This article examines the EPAs negotiating process in select ACP countries to highlight the fragmentation and dilution of ACP countries' negotiating positions. It outlines how the rigorous negotiation processes whittled down the ACP countries offensive interests and ultimately led to the hesitation by several ACP states to ratify the EPAs. The article concludes that EPAs are one of the factors that explain the low trade volumes between African and Caribbean countries.
While international trade has undergone significant structural changes recently, particularly with the proliferation of new generation of free trade agreements (FTAs), the debate on the consequences of IIAs for sustainable development continues to widen and intensify. In effect, while there has been fundamental changes in the international investment landscape in terms of players (now comprising state-owned enterprises and sovereign wealth funds) and FDI direction (with emerging economies now being, not only recipients, but increasingly home states), governments are also now adopting industrial policies and development strategies that contrast with their erstwhile hands-off approach to economic development.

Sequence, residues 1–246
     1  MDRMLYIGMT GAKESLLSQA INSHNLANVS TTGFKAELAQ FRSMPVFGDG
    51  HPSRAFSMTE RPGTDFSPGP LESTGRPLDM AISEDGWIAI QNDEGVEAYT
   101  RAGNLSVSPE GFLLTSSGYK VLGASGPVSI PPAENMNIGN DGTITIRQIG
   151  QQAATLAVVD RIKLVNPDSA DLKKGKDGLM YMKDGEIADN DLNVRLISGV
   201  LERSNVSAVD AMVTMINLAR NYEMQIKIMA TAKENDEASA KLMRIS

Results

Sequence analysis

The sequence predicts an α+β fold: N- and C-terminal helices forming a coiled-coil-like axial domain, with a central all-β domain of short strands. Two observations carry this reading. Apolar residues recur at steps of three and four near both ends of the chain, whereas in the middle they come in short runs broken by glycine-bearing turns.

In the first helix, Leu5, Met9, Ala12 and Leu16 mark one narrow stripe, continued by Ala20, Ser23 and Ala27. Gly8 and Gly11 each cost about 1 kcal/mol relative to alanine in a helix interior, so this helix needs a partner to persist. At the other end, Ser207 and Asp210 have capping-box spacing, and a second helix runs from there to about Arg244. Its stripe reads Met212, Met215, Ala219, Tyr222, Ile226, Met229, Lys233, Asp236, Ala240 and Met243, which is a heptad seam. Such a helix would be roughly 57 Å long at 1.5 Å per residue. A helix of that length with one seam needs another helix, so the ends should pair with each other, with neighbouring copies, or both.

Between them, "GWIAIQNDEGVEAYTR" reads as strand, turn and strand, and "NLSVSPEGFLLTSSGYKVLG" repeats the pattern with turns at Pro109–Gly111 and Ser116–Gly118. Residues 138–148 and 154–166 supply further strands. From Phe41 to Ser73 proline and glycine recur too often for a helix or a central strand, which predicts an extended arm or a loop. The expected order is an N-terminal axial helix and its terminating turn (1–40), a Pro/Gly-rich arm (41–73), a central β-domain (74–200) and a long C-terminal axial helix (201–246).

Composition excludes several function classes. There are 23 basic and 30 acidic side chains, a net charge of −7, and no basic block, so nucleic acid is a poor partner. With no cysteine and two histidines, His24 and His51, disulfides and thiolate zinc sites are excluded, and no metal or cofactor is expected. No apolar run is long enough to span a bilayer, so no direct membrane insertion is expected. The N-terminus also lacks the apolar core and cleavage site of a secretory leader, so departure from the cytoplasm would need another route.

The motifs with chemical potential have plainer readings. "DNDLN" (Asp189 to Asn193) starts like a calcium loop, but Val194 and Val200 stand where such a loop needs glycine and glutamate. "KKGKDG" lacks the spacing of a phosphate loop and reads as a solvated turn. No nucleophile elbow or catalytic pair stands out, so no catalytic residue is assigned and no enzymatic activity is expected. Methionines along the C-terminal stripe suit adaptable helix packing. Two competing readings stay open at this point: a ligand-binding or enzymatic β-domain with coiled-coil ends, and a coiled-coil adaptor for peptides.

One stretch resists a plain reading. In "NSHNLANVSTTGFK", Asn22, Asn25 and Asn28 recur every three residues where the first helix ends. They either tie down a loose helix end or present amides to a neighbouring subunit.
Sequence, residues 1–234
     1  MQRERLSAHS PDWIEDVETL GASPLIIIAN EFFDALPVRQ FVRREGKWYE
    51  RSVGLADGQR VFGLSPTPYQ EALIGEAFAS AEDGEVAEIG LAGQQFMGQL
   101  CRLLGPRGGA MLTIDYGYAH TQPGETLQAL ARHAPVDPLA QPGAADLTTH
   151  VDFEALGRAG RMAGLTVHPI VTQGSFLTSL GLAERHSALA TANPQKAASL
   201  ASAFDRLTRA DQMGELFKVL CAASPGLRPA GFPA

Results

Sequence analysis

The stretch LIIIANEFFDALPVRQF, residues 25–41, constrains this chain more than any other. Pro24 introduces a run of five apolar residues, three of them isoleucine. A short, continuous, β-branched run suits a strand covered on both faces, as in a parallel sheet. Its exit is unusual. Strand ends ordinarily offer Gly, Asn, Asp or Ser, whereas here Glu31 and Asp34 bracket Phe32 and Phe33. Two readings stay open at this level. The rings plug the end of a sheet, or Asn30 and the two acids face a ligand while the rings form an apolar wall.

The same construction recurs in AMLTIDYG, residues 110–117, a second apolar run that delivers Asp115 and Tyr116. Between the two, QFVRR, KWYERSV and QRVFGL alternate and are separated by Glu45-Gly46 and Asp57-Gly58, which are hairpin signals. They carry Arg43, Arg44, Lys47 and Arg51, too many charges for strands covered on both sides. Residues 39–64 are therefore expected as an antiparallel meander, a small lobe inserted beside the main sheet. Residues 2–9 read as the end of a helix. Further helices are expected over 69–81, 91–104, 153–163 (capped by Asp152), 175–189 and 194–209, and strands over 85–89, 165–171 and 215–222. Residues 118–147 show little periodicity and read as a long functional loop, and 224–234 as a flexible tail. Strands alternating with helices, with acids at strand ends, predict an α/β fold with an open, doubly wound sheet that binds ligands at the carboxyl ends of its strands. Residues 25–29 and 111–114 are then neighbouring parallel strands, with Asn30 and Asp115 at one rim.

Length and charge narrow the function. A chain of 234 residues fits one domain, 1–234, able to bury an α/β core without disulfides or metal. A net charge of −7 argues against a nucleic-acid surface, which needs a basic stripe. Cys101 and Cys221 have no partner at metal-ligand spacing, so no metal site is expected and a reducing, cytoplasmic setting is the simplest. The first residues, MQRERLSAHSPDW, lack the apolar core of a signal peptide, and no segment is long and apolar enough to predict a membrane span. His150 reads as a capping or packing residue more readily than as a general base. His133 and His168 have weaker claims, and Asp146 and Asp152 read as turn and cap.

The last two decades has seen Intellectual Property, (IP), increasingly regulated by bilateral and regional free trade agreements, (FTAs), rather than through multilateral forums like the WTO. This trend is evidenced in trade between China and African countries, which is dominated by bilateral trade agreements.
Africa is currently at a risk of reaching the zenith of bilateralism/regionalism in terms of the number of regional trade agreements (RTAs) present in the continent. Yet the advantages of close economic integration have not yet been adequately witnessed in African Regional Trade Agreements (RTAs). Moreover, it is generally the case that each African state is a member to at least two or more RTAs. This has created the quintessential spaghetti bowl on the continent.